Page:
This week in Trading History sees Barings Bank receive one of the most notorious faxes in trading history, Henry Ford teams up with Dodge, and Britain goes decimal...
Warren Buffett dipped his toe into the insurance industry for the first time today in 1967 as his Berkshire Hathaway company shelled out $8.6m on National Indemnity Company and National Fire and Marine Insurance Company. In 2004 Buffett admitted that “had we not made this acquisition, Berkshire would be lucky to be worth half of what it is today.”
Mayer Amschel Rothschild was born on this day in 1743 and went on to create the banking empire that continues to bear his family's name today. Depending on how many tin foil hats you own, you may believe the company is "behind" everything from the illuminati to how much snow is going to fall on your roof on Christmas Day.
For the first time since 1978, the UK lost its AAA Credit Rating from rating agency Moody's, a name that also aptly described chancellor George Osborne's demeanour that day. Shadow chancellor Ed Balls labelled it "humiliating", three years before he appeared on Strictly Come Dancing...
Today in '95 Barings Bank received a fax to beat them all. Nick Leeson sent a note apologising for his losses that ultimately brought down the 223-year-old bank, whilst at the same time offering his resignation, as if that wasn’t already clear. Leeson lost the company more than $1.4 Billion by gambling using derivatives and highly leveraged bets on the Tokyo stock prices. He was later captured in Frankfurt and served four years in prison. Leeson would later write a book about his escapades in ‘Rogue Trader’, eventually made into a movie starring Ewan McGregor in the title role.
Today in 1955 saw the birth of Steve Jobs. Born in San Francisco, he went on to become one of the most innovative and successful business magnates the world has ever seen as the CEO and Co-founder of Apple Inc. He died in October 2011 but Apple lives on - and how. Its assets now total $338.5 Billion.
President Abraham Lincoln signed the Legal Tender Act, allowing the U.S. government to print paper money. Issued to aid the American Civil War effort, the notes were known as Greenbacks and proved to be the beginning of the classic green Dollar notes we’re used to seeing today.
British miners took a settlement agreement after a seven-week strike. The strike caused a ripple effect for companies all through the country due to the lack of coal, meaning some had to institute a three-day week as they didn’t have the means to stay open for five days.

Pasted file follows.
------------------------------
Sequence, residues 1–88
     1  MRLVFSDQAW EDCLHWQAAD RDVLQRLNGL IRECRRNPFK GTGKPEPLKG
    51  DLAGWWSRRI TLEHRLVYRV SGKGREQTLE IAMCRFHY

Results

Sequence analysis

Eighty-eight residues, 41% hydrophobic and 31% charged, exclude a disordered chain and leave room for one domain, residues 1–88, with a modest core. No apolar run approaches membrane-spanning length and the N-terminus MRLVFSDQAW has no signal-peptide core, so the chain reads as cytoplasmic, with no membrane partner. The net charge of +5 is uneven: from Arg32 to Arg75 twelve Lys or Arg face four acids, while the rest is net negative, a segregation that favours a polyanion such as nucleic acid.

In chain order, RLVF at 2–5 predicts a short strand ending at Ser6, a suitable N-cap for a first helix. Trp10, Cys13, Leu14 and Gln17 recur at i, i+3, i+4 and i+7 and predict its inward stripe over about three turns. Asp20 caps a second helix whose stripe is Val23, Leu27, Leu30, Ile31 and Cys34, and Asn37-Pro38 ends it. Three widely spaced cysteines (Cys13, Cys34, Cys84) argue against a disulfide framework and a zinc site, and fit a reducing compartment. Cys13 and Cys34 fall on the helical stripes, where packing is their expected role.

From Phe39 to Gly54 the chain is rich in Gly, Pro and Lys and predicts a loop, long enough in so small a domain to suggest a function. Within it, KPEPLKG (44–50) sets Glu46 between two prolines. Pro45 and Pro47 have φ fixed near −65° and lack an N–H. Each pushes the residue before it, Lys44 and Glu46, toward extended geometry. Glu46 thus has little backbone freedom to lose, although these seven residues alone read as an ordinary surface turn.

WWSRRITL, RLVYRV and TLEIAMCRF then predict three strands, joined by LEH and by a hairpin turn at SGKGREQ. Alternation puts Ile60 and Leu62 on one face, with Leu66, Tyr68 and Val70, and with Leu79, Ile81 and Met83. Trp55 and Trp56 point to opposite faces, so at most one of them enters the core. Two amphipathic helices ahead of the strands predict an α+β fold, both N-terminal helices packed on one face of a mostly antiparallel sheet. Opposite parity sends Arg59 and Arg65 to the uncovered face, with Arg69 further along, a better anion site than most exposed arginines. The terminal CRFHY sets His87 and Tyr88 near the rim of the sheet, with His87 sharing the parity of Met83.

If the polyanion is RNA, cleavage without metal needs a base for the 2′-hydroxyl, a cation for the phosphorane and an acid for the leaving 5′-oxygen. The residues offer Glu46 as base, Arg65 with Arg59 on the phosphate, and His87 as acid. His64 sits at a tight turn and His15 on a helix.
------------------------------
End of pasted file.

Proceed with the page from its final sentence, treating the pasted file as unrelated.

The Franklin Templeton Emerging Markets fund launched the first ever portfolio of emerging stocks. The fund now has $330 million in assets and an average annual return of 11.7%. Manager Mark Mobius stayed with the company until 2018, when he went on to launch Mobius Capital Partners. He hasn't struggled to find investors...
Today also marks the day Barings Bank officially closed. Nice one, naughty Nick.
Baseball fans were left heartbroken in 1920 as Major League star Lee Magee retired from the sport to take a swing at the business world. The reason behind Magee's career change soon became apparent when it emerged that he had been banned from ever playing the game again due to being found guilty for rigging a game he had bets on. Magee later earned his living as the owner of Commerce Coal Company, a coal delivery service in the Columbus area.
Henry Ford hired bicycle manufacturers John and Horace Dodge to supply the chassis and running gear for his 650 Ford automobiles, while also offering the brothers 10% of stock in his company for the partnership. In July 1932, Chrysler Corp acquired the Dodge Brothers for $170 million. And no, they didn't invent the dodgems.
Chester Bowles, the United States Office of Price Administration Director, announced on this day that over one billion dollars in estimated profit was made by American black marketeers during 1943. Meat, petrol, potatoes, poultry, lumber and sugar were among the commodities being illegally traded. Oh, and booze, obviously. Lots, and lots of booze.
John R Bradfield, the president of the Canadian Institute of Metallurgy, signed an agreement for free trade to countries such as North America, Japan, Great Britain and various European countries. God love those friendly Canadians!
Chancellor James Callaghan made the courageous decision on this day that Great Britain would change over to decimal coinage in 1971. No more nonsense of half pennies, shillings, florins, crowns. Could you imagine the utter chaos when trying to buy six double jaegers on a Saturday night? No thank you.